RICHMOND v. THE STATE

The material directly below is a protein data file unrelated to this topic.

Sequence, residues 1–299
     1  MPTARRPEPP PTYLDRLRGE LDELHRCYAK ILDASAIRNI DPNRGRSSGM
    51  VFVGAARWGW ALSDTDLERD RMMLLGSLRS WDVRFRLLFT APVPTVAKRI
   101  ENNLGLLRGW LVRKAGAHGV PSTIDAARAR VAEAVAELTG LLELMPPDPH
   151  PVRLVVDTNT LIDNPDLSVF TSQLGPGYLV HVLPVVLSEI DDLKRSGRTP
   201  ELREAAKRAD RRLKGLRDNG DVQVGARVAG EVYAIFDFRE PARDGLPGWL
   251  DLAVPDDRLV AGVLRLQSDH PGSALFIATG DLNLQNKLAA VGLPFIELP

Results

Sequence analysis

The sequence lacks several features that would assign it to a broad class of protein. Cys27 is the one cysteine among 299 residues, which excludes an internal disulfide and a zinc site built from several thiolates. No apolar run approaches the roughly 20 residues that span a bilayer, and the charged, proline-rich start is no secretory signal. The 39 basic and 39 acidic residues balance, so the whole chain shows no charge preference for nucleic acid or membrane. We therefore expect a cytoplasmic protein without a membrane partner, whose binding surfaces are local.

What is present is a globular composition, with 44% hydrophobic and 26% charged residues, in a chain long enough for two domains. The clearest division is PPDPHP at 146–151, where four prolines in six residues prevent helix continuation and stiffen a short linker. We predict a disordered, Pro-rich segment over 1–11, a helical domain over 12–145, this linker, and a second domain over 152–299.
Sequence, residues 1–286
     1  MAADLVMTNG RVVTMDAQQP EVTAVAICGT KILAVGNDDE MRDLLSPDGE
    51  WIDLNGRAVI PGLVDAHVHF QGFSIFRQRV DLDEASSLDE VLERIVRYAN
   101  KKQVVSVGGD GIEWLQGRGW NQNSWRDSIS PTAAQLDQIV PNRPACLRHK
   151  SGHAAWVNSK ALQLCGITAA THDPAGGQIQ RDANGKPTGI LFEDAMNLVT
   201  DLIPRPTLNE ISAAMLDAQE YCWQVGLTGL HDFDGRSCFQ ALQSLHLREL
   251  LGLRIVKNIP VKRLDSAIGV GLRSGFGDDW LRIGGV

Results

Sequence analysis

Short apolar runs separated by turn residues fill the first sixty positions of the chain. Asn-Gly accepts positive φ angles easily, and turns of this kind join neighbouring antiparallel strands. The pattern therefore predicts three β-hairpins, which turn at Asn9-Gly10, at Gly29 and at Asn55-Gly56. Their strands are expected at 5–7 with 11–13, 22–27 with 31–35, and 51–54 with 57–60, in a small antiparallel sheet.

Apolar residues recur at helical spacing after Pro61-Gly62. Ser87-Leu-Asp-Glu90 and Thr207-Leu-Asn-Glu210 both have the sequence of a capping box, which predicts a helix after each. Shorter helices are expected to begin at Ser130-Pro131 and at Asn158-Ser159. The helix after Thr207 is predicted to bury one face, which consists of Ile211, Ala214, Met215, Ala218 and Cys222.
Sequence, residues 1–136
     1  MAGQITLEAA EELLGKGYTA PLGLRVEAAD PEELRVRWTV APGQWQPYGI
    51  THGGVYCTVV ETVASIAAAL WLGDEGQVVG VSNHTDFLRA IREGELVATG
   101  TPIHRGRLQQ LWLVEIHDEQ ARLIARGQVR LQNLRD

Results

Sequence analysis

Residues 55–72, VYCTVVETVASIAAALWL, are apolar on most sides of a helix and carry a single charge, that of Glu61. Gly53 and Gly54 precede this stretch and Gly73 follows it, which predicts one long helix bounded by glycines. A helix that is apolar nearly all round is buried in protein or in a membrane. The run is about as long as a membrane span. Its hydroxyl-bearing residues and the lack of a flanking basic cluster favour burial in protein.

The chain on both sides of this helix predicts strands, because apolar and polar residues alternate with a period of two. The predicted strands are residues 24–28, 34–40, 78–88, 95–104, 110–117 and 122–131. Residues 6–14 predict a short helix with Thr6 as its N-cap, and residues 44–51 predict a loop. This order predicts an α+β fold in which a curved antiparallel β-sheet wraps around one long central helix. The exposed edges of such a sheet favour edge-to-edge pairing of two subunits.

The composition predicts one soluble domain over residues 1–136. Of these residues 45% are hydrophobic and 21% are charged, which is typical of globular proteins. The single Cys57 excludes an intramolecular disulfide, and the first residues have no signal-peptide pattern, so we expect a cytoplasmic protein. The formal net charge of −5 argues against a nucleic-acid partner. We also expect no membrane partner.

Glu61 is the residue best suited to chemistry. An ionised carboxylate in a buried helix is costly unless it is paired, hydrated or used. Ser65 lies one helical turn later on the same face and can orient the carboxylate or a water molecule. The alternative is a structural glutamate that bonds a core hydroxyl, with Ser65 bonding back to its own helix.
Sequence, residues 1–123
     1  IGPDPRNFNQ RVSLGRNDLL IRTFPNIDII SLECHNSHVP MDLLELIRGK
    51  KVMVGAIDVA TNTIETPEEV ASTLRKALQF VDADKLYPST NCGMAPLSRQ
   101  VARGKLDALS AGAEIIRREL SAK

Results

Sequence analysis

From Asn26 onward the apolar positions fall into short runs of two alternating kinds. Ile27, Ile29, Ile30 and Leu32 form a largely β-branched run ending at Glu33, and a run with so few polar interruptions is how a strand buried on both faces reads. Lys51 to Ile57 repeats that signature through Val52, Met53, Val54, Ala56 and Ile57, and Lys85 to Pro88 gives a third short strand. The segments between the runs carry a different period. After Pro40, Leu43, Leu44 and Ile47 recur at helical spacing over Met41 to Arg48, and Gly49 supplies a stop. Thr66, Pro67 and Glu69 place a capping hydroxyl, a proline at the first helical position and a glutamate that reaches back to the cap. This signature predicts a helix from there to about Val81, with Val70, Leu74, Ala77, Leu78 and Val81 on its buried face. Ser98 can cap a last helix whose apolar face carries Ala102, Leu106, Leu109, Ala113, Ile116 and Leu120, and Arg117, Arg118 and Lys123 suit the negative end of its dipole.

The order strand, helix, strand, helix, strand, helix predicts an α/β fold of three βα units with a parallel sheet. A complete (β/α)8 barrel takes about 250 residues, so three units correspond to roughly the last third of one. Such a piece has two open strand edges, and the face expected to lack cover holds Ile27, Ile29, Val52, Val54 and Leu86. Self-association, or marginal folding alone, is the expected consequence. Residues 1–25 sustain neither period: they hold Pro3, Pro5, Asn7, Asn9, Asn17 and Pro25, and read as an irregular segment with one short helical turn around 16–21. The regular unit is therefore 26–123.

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In the Supreme Court of Georgia Decided April 17, 2017 S17A0288. RICHMOND v. THE STATE. BLACKWELL, Justice. Jamell Amone Richmond was tried by a Gwinnett County jury, and he was convicted of the murder of Demarcus Collins, an aggravated assault upon Monica Tamez, and the unlawful possession of a firearm during the commission of a felony. Richmond appeals, contending that the evidence is legally insufficient to sustain his convictions. Upon our review of the record and briefs, we see no reversible error, and we affirm.1 1 The crimes were committed on January 31, 2012. On April 25, 2012, a Gwinnett County grand jury indicted Richmond and charged him with malice murder, felony murder, armed robbery, five counts of aggravated assault, and the unlawful possession of a firearm during the commission of a felony. The armed robbery and two of the aggravated assault counts later were dismissed by nolle prosequi. Richmond’s trial began on June 23, 2014, and the jury returned its verdict on June 26, finding Richmond guilty on all counts. The trial court sentenced Richmond to imprisonment for life without the possibility of parole for malice murder, a concurrent term of imprisonment for twenty years for the aggravated assault of Tamez, and a consecutive term of imprisonment for five years for the unlawful possession of a firearm during the commission of a felony. The remaining aggravated assaults merged, and the verdict as to felony murder was vacated by operation of law. See Malcolm v. State, 263 Ga. 369, 371-374 (4), (5) (434 SE2d 479) (1993). (Richmond asserts that the trial court erred because it purported to “merge” the felony murder with the malice murder. But because the felony murder was vacated by operation of law, Richmond was not harmed when the trial Viewed in the light most favorable to the verdict, the evidence shows that Richmond was living in a house near Lilburn with Collins, Tamez, and Dekiro Kirkland. During the late-evening hours of January 30, 2012, Richmond and Collins argued about a gun that Richmond claimed Collins had taken from Richmond’s brother. Collins and Tamez then went to a bar, and they returned in the early-morning hours of January 31. While Collins, Tamez, Kirkland, and a few guests were playing video games, Richmond went into the bathroom, and he emerged wearing a ski mask and brandishing a small handgun. Richmond shot Collins in the back of the head and then shot Tamez in the right side of her face. Collins was killed, but Tamez — who pretended to be dead — survived. Immediately after the shooting, Richmond was highly agitated, saying that he should kill himself or that “he might as well go ahead and kill everybody else [in the house] because he kn[e]w he already had a murder rap on him.” Kirkland was able to get Richmond to calm down, and Richmond told houseguest court erroneously cited merger as the reason that it was not sentencing him for felony murder. See Gray v. State, 298 Ga. 885, n. 1 (785 SE2d 517) (2016).) Richmond timely filed a motion for new trial on July 1, 2014, and he amended it on June 25, 2015. The trial court denied his motion on July 27, 2015, and Richmond timely filed a notice of appeal on August 25, 2015. His appeal was docketed in this Court for the term beginning in December 2016 and submitted for decision on the briefs. 2 Deborah Wilson that he loved her and would never hurt her. Richmond remained in the house for at least another ten minutes, during which time he took off the mask and paced around the house. Ultimately, Kirkland was able to persuade Richmond to leave so that an ambulance could be called. At trial, Tamez, Kirkland, and Wilson each identified Richmond as the shooter. Richmond claims that the evidence is legally insufficient to sustain his convictions, and he points to evidence that cast doubt upon the testimony of Tamez, Kirkland, and Wilson. “As we have explained before, however, it is the role of the jury to resolve conflicts in the evidence and to determine the credibility of witnesses, and the resolution of such conflicts adversely to the defendant does not render the evidence insufficient.” Merritt v. State, 292 Ga. 327, 330 (1) (737 SE2d 673) (2013) (citation and punctuation omitted). The evidence presented at trial was sufficient to authorize a rational trier of fact to find beyond a reasonable doubt that Richmond was guilty of the crimes of which he was convicted. Jackson v. Virginia, 443 U. S. 307, 319 (III) (B) (99 SCt 2781, 61 LE2d 560) (1979). Judgment affirmed. All the Justices concur. 3